Co-produced water from the oil and gas industry accounts for a significant waste stream in the United States. It is by some estimates the largest single waste stream in the country, aside from nonhazardous industrial wastes. Characteristics of produced water include high total dissolved solids content, dissolved organic constituents such as benzene and toluene, an oil and grease component, and chemicals added during the oil-production process. While most of the produced water is disposed via reinjection, some of them must be treated to remove organic constituents before the water is discharged. Current treatment options are successful in reducing the organic content; however, they cannot always meet the levels of current or proposed regulations for discharged water. Therefore, an efficient, cost-effective treatment technology is needed. Surfactant-modified zeolite (SMZ) has been used successfully to treat contaminated ground water for organic and inorganic constituents. In addition, the low cost of natural zeolites makes their use attractive in water-treatment applications. Our previous DOE research work (DE-AC26-99BC15221) demonstrated that SMZ could successfully remove BTEX compounds from the produced water. In addition, SMZ could be regenerated through a simple air sparging process. The primary goal of this project is to develop a robust SMZ/VPB treatment system to efficiently remove the organic constituents from produced water in a cost-effective manner. This report summarizes work of this project from October 2002 to March 2003. In this starting stage of this study, we have continued our investigation of SMZ regeneration from our previous DOE project. Two saturation/stripping cycles have been completed for SMZ columns saturated with BTEX compounds. Preliminary results suggest that BTEX sorption actually increases with the number of saturation/regeneration cycles. Furthermore, the experimental vapor phase bioreactors for this project have been designed and are currently being assembled to treat the off-gas from the SMZ regeneration process.

Lynn E. Katz; Kerry A. Kinney; R.S. Bowman; E.J. Sullivan

2003-04-01T23:59:59.000Z

17

Demystifying water treatment  

SciTech Connect

Increasingly accountable for the environmental quality and cost of managing their waste and process water streams, customers require more precise data about the constituents in their water. This has forced suppliers to unlock some of the secrets of water treatment. In the open exchange of information, users are trading in esoteric formulations for products that are more chemical efficient and environmentally benign. Factoring more prominently in the water treatment equation are service and supply. This paper reviews some of these simpler treatments.

Hairston, D.

1994-09-01T23:59:59.000Z

18

TREATMENT OF PRODUCED WATERS USING A SURFACTANT MODIFIED ZEOLITE/VAPOR PHASE BIOREATOR SYSTEM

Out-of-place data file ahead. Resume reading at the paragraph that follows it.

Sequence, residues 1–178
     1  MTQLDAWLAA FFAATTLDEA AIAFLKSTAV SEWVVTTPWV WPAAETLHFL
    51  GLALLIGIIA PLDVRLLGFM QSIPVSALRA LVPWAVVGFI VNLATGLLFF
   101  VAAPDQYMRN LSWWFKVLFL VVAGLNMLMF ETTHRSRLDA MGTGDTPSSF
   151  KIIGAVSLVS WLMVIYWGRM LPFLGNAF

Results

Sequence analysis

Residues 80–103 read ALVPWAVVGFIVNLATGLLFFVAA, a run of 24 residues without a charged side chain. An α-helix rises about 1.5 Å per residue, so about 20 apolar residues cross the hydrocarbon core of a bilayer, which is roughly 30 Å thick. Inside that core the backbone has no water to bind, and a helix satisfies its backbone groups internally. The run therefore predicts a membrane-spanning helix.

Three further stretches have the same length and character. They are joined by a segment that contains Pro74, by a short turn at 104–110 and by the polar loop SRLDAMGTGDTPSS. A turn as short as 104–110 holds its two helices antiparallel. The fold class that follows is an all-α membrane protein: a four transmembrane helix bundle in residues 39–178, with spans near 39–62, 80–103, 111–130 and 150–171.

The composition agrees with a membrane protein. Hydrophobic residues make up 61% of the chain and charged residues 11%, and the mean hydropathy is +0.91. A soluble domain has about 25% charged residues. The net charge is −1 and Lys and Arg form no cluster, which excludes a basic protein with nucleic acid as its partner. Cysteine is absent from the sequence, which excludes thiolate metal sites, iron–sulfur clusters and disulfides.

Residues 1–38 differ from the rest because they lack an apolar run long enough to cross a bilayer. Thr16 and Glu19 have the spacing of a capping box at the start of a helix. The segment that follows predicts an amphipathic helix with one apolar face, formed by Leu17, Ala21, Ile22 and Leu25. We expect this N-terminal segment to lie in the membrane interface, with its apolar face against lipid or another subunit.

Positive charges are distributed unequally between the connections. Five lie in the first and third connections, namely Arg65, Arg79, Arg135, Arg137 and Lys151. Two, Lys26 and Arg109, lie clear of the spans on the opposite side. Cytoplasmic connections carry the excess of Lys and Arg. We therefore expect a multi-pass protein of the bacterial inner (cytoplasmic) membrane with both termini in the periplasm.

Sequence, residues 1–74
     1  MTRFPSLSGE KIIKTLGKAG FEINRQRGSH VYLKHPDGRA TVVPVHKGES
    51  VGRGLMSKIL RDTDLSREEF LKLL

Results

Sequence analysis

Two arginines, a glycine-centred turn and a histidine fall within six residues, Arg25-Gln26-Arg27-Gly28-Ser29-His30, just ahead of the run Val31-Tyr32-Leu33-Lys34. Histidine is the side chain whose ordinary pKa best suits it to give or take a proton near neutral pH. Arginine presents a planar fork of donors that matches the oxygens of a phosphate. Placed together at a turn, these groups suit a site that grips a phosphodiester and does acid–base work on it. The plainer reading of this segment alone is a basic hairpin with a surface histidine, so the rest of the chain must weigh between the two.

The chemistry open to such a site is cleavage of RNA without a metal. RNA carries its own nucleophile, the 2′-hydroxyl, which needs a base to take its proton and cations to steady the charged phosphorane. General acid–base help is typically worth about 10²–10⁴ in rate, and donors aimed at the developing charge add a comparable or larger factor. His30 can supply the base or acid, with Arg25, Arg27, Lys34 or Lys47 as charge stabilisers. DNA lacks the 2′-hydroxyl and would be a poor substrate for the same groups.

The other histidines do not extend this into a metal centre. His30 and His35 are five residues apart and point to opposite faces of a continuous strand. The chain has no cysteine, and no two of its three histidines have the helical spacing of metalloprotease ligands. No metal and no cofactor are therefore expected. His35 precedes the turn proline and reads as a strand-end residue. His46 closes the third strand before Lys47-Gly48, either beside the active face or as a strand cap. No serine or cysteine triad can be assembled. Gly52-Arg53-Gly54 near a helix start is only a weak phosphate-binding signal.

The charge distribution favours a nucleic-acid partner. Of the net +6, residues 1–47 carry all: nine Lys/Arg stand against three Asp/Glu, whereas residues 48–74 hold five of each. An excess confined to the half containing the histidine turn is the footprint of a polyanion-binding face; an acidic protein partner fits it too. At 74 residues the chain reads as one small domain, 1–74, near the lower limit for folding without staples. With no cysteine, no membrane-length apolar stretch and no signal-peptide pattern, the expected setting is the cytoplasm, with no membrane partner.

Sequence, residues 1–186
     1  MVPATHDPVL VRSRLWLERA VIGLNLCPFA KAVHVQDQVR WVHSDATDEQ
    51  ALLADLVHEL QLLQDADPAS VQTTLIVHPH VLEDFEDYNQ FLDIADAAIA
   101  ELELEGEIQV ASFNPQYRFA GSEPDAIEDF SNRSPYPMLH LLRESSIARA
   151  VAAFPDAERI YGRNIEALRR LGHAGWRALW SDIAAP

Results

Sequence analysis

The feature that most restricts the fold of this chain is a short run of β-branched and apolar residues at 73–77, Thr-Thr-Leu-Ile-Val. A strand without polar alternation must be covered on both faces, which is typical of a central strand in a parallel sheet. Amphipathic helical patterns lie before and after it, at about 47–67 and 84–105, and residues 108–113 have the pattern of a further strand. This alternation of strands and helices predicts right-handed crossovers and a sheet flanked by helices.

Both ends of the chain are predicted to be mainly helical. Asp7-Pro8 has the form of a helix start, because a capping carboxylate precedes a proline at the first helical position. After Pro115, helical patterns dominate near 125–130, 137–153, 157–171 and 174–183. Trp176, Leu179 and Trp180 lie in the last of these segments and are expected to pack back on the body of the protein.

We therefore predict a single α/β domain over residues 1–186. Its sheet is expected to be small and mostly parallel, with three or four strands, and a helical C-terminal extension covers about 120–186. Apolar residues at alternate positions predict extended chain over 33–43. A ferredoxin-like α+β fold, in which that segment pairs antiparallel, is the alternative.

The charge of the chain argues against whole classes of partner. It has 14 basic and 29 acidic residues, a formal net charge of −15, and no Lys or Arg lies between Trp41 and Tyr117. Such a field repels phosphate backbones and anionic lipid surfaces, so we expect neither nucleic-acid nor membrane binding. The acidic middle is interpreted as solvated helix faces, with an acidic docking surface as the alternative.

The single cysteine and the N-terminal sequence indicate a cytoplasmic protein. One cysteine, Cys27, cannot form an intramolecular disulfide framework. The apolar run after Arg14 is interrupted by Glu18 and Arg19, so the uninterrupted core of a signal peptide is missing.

DOE Green Energy (OSTI)

Co-produced water from the oil and gas industry is by some estimates the largest single waste stream in the country, aside from nonhazardous industrial wastes. Characteristics of produced water include high total dissolved solids content, dissolved organic constituents such as benzene and toluene, an oil and grease component, and chemicals added during the oil-production process. While most of the produced water is disposed via reinjection, some of them must be treated to remove organic constituents before the water is discharged. An efficient, cost-effective treatment technology is needed to remove these constituents. Surfactant-modified zeolite (SMZ) has been used successfully to treat contaminated ground water for organic and inorganic constituents. In addition, the low cost of natural zeolites makes their use attractive in water-treatment applications. Our previous DOE research work (DE-AC26-99BC15221) demonstrated that SMZ could successfully remove BTEX compounds from the produced water. In addition, SMZ could be regenerated through a simple air sparging process. The primary goal of this project is to develop a robust SMZ/VPB treatment system to efficiently remove the organic constituents from produced water in a cost-effective manner. This report summarizes work of this project from March 2003 through September 2003. We have continued our investigation of SMZ regeneration from our previous DOE project. Ten saturation/stripping cycles have been completed for SMZ columns saturated with BTEX compounds. The results suggest that BTEX sorption capacity is not lost after ten saturation/regeneration cycles. The composition of produced water from a site operated by Crystal Solutions Ltd. in Wyoming has been characterized and was used to identify key semi-volatile components. Isotherms with selected semi-volatile components have been initiated and preliminary results have been obtained. The experimental vapor phase bioreactors for this project have been designed and assembled to treat the off-gas from the SMZ regeneration process. These columns will be used both in the laboratory and in the proposed field testing to be conducted next year. Innocula for the columns that degrade all of the BTEX columns have been developed.